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Fire Station 5, recently completed at 2830 Central St. and designed by the architectural firm Muller & Muller, is very good news. It is a simple, well-articulated solution, done with economy and sensitivity. The building consists of three elements: a glass-enclosed apparatus bay in the center flanked by two red-brick volumes. The apparatus bay is well-planned, with three doors to the street and one to the alley, so that no engine backs in from the street. As a result, traffic is not disrupted and is safer. One of the side elements is low and contains utilities. The other has two stories and houses the dayroom, kitchen, sleeping facilities and bathrooms, with equal access for male and female firefighters. The ground-floor corner of the two-story volume is “cut away” on the first floor to emphasize the pedestrian entrance next to the pleasant sign reading EVANSTON FIRE STATION 5. The building is a great addition to theCentral Street
Just west of, and adjacent to, the fire station is an old house recently spruced up with a very attractive entrance pergola that has transformed a mundane masonry volume into “architecture” that invites one in. The house is now the office of Morgante-Wilson Architects; anyone curious about the remarkably well-done two-story atrium may tell the architects I sent them. (Elissa Morgante was my student and Fred Wilson a colleague at the School of Architecture at UIC).
In the good-news category, the900 Chicago Avenue
building has, at very long last, completed the wall abutting the train embankment along theMain Street
When they are completed, two high-rise complexes also will be “good news.” One is at1567 Maple Ave.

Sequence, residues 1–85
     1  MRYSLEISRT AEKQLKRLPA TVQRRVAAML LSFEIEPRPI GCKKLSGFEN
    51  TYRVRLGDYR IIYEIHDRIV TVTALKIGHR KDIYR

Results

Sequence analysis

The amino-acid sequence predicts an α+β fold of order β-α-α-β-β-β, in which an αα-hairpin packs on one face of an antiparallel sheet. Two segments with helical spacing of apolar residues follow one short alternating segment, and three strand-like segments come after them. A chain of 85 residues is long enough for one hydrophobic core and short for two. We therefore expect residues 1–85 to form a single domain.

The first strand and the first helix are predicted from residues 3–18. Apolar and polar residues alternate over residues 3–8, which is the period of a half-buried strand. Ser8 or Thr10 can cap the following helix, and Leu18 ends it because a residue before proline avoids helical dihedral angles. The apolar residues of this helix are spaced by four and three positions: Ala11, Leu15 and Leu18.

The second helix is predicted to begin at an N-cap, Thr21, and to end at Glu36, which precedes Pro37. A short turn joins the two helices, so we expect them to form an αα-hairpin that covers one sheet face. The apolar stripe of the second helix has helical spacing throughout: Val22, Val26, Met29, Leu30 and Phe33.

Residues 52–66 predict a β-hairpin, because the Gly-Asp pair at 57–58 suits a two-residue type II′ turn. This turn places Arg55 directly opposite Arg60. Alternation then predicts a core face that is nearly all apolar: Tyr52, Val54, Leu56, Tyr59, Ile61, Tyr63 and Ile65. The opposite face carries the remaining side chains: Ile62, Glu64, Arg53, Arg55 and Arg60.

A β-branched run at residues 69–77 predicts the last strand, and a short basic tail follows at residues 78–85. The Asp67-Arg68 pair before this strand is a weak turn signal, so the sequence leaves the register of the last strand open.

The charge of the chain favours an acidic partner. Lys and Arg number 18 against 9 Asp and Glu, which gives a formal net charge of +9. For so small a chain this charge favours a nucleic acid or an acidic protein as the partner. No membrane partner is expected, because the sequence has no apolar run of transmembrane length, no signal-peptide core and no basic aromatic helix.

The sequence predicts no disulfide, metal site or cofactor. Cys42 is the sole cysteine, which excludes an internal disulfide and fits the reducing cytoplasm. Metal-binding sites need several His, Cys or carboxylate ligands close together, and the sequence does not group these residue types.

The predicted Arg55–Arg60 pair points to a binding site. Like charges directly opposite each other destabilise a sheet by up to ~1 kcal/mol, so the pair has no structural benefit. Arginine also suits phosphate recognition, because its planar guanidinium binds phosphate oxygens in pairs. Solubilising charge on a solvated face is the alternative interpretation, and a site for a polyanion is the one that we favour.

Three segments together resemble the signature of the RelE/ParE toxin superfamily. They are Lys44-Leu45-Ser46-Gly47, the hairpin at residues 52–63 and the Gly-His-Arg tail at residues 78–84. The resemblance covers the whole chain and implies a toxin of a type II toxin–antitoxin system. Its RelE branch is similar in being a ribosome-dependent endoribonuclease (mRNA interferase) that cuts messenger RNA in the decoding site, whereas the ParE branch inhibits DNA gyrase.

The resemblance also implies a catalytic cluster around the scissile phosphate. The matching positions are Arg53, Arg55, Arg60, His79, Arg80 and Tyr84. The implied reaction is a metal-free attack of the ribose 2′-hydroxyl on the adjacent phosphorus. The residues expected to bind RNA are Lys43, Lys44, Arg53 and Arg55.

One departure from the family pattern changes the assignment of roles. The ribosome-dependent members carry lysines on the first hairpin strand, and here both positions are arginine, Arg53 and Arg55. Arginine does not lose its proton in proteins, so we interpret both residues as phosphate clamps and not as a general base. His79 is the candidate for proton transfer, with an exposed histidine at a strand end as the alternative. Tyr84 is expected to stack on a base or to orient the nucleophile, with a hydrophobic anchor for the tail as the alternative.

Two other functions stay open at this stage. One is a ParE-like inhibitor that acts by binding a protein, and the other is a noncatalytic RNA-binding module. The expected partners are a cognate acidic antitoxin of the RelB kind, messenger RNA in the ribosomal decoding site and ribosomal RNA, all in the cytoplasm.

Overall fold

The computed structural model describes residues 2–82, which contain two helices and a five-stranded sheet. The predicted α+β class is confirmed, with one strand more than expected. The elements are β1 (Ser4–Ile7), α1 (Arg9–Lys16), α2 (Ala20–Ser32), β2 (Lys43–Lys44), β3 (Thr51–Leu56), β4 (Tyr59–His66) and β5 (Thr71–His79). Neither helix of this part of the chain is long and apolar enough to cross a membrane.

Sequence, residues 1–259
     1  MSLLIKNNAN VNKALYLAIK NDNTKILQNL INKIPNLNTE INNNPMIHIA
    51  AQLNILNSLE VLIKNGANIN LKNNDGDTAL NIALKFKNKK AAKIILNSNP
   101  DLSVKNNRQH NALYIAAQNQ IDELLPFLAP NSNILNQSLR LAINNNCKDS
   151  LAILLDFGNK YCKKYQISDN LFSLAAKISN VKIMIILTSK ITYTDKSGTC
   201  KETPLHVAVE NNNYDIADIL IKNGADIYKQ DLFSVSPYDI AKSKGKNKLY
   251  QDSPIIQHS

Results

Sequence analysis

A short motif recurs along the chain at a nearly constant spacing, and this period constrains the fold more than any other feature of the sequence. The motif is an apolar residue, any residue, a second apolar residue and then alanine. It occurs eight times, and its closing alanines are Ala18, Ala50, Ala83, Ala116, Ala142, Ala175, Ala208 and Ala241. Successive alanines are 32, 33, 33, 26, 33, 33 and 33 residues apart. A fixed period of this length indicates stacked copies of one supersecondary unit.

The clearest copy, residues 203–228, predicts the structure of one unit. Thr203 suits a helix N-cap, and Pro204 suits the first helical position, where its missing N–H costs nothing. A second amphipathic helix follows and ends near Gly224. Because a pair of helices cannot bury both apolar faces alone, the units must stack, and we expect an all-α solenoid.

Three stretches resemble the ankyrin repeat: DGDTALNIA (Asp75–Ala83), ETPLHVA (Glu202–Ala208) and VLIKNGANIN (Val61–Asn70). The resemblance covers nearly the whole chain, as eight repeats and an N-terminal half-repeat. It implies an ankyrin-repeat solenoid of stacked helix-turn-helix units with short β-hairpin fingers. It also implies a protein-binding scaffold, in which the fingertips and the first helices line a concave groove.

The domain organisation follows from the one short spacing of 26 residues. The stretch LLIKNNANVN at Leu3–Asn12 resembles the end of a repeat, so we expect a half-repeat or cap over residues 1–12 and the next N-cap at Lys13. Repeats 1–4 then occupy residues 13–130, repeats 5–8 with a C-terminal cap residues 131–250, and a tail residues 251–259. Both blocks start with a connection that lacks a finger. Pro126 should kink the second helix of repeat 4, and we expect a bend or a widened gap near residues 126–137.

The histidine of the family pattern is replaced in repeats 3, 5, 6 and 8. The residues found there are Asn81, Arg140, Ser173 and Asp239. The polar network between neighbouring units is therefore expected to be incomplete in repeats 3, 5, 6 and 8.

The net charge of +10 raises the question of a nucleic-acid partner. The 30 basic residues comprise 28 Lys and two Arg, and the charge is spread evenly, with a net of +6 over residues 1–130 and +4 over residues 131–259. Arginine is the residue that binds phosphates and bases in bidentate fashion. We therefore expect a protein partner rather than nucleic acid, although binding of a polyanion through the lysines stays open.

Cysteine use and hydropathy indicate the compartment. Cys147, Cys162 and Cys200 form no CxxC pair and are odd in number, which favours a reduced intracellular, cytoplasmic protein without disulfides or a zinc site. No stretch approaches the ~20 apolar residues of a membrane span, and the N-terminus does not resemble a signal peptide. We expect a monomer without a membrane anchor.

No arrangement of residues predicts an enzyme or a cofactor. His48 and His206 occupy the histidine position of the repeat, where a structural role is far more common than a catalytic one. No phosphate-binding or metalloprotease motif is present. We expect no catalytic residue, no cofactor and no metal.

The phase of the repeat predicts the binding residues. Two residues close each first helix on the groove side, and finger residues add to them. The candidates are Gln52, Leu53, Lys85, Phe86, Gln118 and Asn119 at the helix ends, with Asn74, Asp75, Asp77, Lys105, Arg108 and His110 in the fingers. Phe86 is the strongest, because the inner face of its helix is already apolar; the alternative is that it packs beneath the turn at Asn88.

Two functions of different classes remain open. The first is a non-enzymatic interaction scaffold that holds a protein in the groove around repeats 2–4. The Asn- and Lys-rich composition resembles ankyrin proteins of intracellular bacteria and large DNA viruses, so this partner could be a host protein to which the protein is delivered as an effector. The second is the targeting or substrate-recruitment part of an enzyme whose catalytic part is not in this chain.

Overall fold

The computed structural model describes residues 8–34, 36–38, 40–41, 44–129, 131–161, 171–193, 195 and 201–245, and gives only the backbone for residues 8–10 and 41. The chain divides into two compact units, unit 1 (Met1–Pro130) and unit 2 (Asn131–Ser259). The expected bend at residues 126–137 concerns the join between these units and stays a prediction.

and is a major improvement over the originally submitted, historicizing, dark volume. The other complex is the four-tower Sienna apartment complex, between Ridge and Oak. Two of the towers are completed and if the missing two match these in visual interest, it will be a handsome project. I wait with hope the opportunity to review it.
After all this good news, it is time for some bad news. The three-story townhouses on the north side ofChurch Street, east
, are a real disappointment — monotonous, mundane and cheap-looking.
The worst news is all the vacant lots that seem to be increasing with regularity. The saddest is the southwest corner of Chicago and Main that had to be backfilled when the prospective project did not go ahead. Perhaps no buildings should be torn down before new construction is assured. We all remember how long Sherman Plaza was a hole in the ground. Now, in addition to Main and Chicago, we have the sites at Kendall College, at Oak and Emerson, at the site of the old cinema at the 1700 block on Central, Church and Darrow and more. Wouldn’t these sites serve Evanston better as playgrounds, ballparks or ice-skating rinks? I know — there are issues of liability, safety, maintenance, and the like, but surely, the Plan Commission and City Council can come up with better than a fenced-in or open eyesore.